What Is The Most Important Journey For Your Child?
Let's put this into perspective a little bit.
Let's say you're out with your child going for a walk, and you're walking through the Nature Center, or the woods, or Metro Park, and you start at the beginning. You know that you want to go down to a certain point, or get to a certain point in the park.
After about 20 or 30 minutes you get there.
So what do you want your child to remember?
Do you want your child to remember that you got to the end of your walk, or do you want them to remember the experience of how they got there?
I think you want them to remember each step, each memory, each sound, all the things they saw, and how they felt spending the time with you.
It’s about the process of getting there.
Many times we think about the end goal.
The art project and how it should look at the end.
Practicing piano, and how the piece should sound when you finally learn it and are able to perform it.
How the song sounds that you're learning to sing.
How the dance routine looks when you're learning to put it together.
Those goals are fine. And it gives us something to achieve and strive for.
But the important part is not getting there, it’s how we got there.
And one of our values at Thrive is - experiencing the process.
This is important to us as we like to focus on really noticing and acknowledging each step that your child takes.
Every moment that they learn something new.
When you say to your child, "You worked really hard at putting one finger, after another, after another to get through that passage on the piano," you are now acknowledging the hard work that they put in, and the thought and care it took to getting there.
Now you're giving them the confidence to try again.
If you're only commenting on the end result, the end piece, what's going to happen if the child has a fear that they're not going to get to the end? Or they're not going to finish? Or it's not going to be good enough for everybody to hear or see?
Then they might have a fear of trying something new, or trying again.
This is very common with middle schoolers, especially females.
If they are not noticed and acknowledged enough for the hard work that they’ve put in, it's not uncommon for girls in those middle schools years to stop trying at math, or stop trying at science.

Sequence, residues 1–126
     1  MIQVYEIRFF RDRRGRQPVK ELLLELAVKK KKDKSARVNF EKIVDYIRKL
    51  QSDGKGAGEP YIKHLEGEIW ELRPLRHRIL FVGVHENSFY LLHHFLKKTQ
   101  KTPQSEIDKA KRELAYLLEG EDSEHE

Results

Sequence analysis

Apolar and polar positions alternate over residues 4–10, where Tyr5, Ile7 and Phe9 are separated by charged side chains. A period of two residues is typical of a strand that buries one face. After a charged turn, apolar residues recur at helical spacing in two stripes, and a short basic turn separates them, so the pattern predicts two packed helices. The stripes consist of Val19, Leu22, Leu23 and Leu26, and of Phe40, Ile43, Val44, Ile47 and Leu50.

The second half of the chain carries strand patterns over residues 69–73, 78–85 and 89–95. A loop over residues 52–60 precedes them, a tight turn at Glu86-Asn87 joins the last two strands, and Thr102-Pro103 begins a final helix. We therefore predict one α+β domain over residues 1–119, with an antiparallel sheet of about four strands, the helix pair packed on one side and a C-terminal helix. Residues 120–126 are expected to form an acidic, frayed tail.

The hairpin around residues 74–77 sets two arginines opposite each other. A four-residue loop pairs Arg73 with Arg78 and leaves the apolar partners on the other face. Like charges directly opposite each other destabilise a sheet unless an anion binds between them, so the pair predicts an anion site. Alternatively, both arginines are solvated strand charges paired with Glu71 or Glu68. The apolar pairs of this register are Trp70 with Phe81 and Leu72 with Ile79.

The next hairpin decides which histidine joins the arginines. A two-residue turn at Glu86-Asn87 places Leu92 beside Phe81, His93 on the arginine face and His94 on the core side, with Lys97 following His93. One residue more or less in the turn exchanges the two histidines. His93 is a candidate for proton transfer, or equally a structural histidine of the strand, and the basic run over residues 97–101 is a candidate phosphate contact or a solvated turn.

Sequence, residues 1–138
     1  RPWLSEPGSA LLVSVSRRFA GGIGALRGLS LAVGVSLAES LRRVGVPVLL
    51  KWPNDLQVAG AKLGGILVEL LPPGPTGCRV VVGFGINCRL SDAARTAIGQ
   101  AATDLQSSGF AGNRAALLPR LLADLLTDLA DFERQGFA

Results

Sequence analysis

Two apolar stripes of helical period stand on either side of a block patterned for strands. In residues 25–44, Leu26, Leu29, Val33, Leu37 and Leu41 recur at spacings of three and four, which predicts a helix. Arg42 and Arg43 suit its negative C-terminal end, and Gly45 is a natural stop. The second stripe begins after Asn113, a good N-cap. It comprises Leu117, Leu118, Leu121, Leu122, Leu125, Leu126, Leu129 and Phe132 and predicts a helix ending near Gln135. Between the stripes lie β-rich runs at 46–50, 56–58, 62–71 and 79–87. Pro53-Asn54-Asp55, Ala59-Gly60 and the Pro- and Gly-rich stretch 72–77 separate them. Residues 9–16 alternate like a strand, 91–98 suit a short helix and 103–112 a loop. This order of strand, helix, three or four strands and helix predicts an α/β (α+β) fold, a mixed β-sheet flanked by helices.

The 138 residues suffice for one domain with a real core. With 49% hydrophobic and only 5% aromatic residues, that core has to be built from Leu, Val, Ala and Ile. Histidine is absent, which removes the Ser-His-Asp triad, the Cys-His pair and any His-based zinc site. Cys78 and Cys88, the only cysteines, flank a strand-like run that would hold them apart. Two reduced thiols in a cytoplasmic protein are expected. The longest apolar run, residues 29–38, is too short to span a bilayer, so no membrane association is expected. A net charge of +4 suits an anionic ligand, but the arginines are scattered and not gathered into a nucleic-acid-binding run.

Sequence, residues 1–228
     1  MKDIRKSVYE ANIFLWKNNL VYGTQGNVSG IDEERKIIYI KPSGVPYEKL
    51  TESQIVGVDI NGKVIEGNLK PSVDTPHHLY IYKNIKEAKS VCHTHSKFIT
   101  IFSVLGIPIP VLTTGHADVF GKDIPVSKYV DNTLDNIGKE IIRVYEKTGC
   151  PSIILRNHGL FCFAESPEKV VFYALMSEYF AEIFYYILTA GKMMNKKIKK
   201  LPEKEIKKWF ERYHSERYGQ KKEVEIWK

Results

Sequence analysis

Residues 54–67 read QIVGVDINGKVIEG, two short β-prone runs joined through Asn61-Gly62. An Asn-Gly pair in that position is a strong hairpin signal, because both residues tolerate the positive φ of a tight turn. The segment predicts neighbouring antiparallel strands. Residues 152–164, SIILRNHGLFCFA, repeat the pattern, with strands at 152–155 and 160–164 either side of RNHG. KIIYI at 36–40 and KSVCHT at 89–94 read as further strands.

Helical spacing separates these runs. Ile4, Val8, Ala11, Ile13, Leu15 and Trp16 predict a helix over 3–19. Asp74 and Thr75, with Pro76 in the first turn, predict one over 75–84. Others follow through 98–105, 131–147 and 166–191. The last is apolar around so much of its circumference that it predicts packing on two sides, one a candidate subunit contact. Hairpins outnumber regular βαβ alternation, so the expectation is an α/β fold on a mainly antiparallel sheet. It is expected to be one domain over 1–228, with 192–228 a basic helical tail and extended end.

Not because they don't have the ability - they do.
But because they're afraid of not getting the right answer, or finishing the right experiment.
If we comment, and acknowledge, and notice the steps that our children take to get there, now it's going to give them the confidence to keep trying.
In our art room, if the children are all making trees, we have an idea of how a tree should look. Now if we encourage the children step by step, in a non-judgemental way, whether they're making purple trees, or polka dot trees, we’re helping build their confidence about how they experience the process of creating.
"Oh, look you're putting lots of colors together to make that tree. Look at all the shapes that you're putting together. You are really thinking long and hard about how you want your tree to look."
Now it's about the process of creating, and it's not about that end image of how the tree should look.
What is most important for you child is acknowledging the process.
Acknowledge what they're doing to work themselves through something. This is also going to give them the confidence to work on things more so that they're not so frustrated.
If they're putting a puzzle together and they know it's okay to work piece by piece and they've only gotten part of it done, but you are noticing and acknowledging, "Look you put the outside pieces together and it's very hard to find the inside pieces. You're looking for a long time to find the pieces that you think might fit." That's all your child needs to continue trying.
The most important journey that your child can take, is the process.
Each step that they take in getting somewhere. Each little step, each little moment.
Think about all the senses that are happening.
What are they seeing?
What are they hearing?
What are they feeling as they attempt each situation and each step that they're problem solving?
Are they problem solving?
Are they frustrated?
Are they trying to work through something?
By acknowledging and letting them focus on each of those steps, you're giving your children a great, great gift.
When it's all finished, of course you can acknowledge that it's finished.
But also acknowledge the journey that it took to get there. And hopefully you will see your children wanting to try new things more.
They're going to want to create more.
They're going to want to work through problems more.
Let them work through these steps and acknowledge the challenges they might have, or how thoughtful they were, or how creative they were. You are helping to build resilience in them, that they can tackle new things.
And know that it might take a long time and a lot of hard work. But they can get through it.
They can do it.